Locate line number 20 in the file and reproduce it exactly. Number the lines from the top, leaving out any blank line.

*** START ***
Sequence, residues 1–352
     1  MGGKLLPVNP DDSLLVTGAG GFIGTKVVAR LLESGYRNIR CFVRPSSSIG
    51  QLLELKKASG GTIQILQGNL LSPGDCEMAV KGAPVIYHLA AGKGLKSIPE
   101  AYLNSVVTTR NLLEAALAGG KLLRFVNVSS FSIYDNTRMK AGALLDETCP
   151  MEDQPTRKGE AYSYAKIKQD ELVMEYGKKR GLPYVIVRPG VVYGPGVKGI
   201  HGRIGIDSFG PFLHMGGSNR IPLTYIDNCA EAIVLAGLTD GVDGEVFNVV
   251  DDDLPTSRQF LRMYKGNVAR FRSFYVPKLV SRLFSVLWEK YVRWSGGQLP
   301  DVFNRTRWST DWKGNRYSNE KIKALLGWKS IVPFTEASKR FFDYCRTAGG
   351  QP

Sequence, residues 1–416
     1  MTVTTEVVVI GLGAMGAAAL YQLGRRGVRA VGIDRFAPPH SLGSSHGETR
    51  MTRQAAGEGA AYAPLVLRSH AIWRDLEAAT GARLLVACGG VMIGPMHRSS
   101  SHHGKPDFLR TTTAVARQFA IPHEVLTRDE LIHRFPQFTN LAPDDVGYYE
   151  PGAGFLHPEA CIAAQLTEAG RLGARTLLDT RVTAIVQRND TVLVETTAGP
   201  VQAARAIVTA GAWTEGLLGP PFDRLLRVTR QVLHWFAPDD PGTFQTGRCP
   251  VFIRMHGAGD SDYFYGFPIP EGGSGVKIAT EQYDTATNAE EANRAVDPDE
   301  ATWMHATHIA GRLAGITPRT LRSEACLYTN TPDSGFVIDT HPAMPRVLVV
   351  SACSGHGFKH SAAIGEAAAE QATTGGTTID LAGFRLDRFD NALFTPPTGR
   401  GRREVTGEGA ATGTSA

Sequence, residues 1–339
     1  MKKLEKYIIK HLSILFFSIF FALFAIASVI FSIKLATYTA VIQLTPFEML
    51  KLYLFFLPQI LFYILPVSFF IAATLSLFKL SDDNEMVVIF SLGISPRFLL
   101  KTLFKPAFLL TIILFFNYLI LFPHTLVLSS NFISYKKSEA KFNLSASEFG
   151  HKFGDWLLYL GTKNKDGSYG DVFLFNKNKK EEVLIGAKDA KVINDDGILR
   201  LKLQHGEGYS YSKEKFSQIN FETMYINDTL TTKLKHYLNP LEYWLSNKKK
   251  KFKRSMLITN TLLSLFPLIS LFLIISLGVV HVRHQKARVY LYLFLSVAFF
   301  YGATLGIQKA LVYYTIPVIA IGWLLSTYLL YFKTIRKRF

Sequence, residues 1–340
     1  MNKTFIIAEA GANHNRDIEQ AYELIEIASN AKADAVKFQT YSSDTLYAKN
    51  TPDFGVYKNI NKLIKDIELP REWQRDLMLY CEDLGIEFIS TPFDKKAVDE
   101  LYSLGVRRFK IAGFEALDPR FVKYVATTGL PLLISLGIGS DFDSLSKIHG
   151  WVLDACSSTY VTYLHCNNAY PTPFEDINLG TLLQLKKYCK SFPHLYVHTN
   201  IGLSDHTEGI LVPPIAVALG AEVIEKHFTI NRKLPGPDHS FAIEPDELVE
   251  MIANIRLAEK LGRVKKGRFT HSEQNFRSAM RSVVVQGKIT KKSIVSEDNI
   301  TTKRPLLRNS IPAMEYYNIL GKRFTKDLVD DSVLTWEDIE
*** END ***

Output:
Sequence, residues 1–339